Published: April 15th 2009April 15th 2009
It is a broad assortment of things that we do out here in the name of development. Everything from a project to promote the production of dried fish to a classic microcredit program falls under the guise of international development, and the direct recipients of aid could be anyone from local government bodies to unborn babies. Pretty much anything that falls in that very inclusive net of criteria is happening here in Bangladesh, which has for decades been a testing ground for development research and practice.**
What Parendi and I do (see blog from October or November 2008) is just a slice of the development picture. For newcomers on the development seen like us, one of the most valuable things about our year here has been the chance to observe and interact with development projects (and the people working on them) of all sorts. Bangladesh might not be a place where I would want to spend significant portions of my life, but for now it is almost the perfect place to be—to watch the history of a young nation unfold, to apply the things we’ve learned in text books, to make connections, and to gain firsthand knowledge on the many
This woman's husband and only daughter have both died, leaving her alone. The shack that she currently lives in is in a dry river bed; when the floods come after two months she and her neighbors will have to pack up and try to find other land to squat on.
ways that people approach and work for social justice. In the spirit of “all experiences contribute to professional development,” Parendi and I recently decided that we would take two days off of work for an educational field trip (a “learning exchange,” in official NGO lingo) of our own design. We hopped on a three hour bus to Mymensingh to visit our roommate Ashley, who has moved there for a few weeks to test the feasibility of a project on urban poverty and waste management.
The crux of the project is a flimsy piece of plastic known as the Peepoo Bag (www.peepoople.com)—I kid you not.
The Peepoo Bag is a simple device—a plastic bag within a plastic bag that can be used as a private, anytime, anywhere toilet. The bag is designed to target the urban poor who do not have regular access to sanitary toilets, with the added bonus of providing these economically marginalized users with an income generation tool. Sounds like a tall order for a plastic bag, but really the principle is quite basic: users do their business into the innermost plastic bag, which contains a chemical solution that will treat the waste and ultimately transform
Neighbors like this woman help buy food for the widow and provide social support as well.
it into fertilizer. After loosely folding up the inner layer, the outer layer is tied up securely so that users can store the waste safely until it is collected and brought to a compost center. Although the Peepoo bag in Mymensingh is still being tested, the idea is that someday users will be able to sell their waste as fertilizer and literally make a profit from their own shit.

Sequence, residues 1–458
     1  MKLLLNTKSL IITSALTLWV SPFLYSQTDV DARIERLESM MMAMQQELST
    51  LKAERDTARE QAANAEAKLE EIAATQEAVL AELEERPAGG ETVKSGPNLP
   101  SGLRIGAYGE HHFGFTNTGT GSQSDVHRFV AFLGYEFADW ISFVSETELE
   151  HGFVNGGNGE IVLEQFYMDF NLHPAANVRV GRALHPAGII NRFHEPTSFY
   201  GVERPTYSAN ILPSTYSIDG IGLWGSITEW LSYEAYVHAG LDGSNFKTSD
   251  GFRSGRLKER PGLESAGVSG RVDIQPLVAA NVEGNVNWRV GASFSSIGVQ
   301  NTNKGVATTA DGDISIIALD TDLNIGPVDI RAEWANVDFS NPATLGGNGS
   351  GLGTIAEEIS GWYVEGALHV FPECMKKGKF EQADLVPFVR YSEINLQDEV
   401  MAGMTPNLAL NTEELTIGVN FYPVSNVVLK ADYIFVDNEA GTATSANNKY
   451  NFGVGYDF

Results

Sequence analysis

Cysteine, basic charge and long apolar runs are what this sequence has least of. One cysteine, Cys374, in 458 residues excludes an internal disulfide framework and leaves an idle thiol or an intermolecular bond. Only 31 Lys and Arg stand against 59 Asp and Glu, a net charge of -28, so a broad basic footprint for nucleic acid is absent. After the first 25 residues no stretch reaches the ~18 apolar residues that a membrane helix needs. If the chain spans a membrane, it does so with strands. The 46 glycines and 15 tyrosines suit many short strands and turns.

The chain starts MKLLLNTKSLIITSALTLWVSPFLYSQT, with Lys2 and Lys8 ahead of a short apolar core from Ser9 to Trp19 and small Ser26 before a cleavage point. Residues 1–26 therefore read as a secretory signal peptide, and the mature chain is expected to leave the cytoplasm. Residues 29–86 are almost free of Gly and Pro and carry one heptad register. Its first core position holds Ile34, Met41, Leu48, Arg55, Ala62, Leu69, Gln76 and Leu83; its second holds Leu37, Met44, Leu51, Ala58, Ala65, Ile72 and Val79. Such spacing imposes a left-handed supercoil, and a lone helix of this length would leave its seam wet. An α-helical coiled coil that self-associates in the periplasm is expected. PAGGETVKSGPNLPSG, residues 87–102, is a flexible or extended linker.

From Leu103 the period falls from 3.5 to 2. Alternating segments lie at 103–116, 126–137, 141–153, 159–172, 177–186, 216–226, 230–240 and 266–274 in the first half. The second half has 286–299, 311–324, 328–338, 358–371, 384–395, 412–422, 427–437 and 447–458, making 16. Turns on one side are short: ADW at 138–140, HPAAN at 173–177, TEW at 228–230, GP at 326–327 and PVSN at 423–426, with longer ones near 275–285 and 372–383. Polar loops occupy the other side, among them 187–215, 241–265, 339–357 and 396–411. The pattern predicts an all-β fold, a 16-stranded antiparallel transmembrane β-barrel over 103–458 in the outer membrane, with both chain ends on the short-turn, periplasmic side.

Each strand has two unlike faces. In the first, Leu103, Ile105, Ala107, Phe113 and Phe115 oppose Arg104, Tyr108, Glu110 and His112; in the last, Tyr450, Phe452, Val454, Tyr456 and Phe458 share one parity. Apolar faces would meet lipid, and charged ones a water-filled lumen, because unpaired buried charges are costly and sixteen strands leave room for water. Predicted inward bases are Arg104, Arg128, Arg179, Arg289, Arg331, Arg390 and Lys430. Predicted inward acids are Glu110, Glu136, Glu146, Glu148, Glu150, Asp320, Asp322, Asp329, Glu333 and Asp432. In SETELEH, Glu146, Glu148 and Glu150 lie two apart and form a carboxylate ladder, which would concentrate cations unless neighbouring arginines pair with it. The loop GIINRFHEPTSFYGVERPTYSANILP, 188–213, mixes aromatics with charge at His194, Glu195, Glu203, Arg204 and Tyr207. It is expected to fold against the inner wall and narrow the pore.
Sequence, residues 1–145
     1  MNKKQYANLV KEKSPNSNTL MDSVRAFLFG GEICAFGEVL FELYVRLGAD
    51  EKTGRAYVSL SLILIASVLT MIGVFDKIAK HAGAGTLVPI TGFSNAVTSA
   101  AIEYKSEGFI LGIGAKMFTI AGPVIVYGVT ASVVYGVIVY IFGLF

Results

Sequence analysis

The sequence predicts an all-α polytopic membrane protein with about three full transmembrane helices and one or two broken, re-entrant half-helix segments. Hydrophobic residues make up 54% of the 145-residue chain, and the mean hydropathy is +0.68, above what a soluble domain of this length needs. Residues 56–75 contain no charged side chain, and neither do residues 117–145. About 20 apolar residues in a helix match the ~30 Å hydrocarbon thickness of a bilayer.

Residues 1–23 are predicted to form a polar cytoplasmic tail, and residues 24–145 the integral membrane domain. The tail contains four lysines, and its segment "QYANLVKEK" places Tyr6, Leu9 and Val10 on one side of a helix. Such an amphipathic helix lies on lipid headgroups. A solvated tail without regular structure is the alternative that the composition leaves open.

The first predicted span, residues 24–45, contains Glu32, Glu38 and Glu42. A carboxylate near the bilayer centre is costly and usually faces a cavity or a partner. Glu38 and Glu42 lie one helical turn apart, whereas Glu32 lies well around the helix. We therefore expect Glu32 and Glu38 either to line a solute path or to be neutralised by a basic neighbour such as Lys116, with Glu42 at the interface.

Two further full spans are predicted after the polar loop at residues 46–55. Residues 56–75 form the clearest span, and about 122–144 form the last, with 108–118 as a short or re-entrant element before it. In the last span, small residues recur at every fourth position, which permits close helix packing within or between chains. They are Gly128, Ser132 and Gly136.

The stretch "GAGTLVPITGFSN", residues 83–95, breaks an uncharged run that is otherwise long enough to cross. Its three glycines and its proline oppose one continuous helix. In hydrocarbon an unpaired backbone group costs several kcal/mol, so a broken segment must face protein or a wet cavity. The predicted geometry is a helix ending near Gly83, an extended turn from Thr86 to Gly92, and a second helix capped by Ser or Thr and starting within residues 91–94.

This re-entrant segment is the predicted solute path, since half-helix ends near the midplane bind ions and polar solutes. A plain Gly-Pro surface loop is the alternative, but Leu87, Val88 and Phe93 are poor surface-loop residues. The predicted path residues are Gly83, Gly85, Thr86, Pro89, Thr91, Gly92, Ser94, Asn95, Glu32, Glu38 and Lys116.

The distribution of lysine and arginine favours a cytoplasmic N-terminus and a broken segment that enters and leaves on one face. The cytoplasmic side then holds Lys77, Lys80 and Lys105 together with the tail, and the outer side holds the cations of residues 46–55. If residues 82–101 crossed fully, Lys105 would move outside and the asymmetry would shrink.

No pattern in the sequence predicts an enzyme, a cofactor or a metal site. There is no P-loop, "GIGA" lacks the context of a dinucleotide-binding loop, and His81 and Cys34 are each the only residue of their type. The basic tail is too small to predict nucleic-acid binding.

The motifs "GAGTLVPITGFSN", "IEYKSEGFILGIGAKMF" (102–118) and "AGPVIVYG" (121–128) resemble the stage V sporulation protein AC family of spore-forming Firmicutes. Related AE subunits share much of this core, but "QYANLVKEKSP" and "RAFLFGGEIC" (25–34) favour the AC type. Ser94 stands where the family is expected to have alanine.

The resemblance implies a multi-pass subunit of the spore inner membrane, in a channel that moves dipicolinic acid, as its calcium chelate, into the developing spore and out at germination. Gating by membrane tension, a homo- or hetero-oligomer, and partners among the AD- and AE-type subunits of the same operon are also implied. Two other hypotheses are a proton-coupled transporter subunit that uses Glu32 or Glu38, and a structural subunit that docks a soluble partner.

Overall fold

The idea behind the Peepoo bag (or Toilet Bag, as local users have chosen to call it, there being no common Bangla words for either bathroom or bag) in this particular project is to generate income while simultaneously improving the health and quality of life of slum dwellers—specifically women. In the kinds of slums we visited in Mymensingh, toilets are a rarity, and the bags have so far been welcomed enthusiastically by most residents.
Some communities in Mymensingh have toilets, although after Ashley reported that most are literally full to the brim with waste (and in some the waste was actually moving, propelled by some foul unknown source) I wasn’t brave enough to take the tour myself. Other communities, in place of toilets, have four poles stuck into the
ground with some old plastic or jute bag strung for “privacy.” In many cases these modest coverings go no higher than a person’s waste, and the toilets themselves are often in heavily trafficked areas, effectively meaning that no one uses these toilets during the day. In a feasibility study conducted recently in these communities, many women reported “holding it” all day until night fall and then sneaking off to the riverbed or behind a building to relieve the day’s urine and feces.
The whole subject is rather unglamorous and despite the silly name of the European invented “Peepoo Bag,” the topic is quite a serious one and provides some perspective into the truly unimaginable lives of the urban poor. Various friends and I have often discussed the difference between rural and urban poverty, but I don’t think I’ve ever really had an accurate concept of what it actually means for families to live (sometimes for generations) in conditions that are so severe that even the basic human need to go to the bathroom cannot be fulfilled in a dignified or safe manner. I, for one, know that even though I was in Mymensingh for less than 24 hours, my
first visit to a truly impoverished urban slum (viewed through the lens of sanitation and personal hygiene) has left an indelible impression.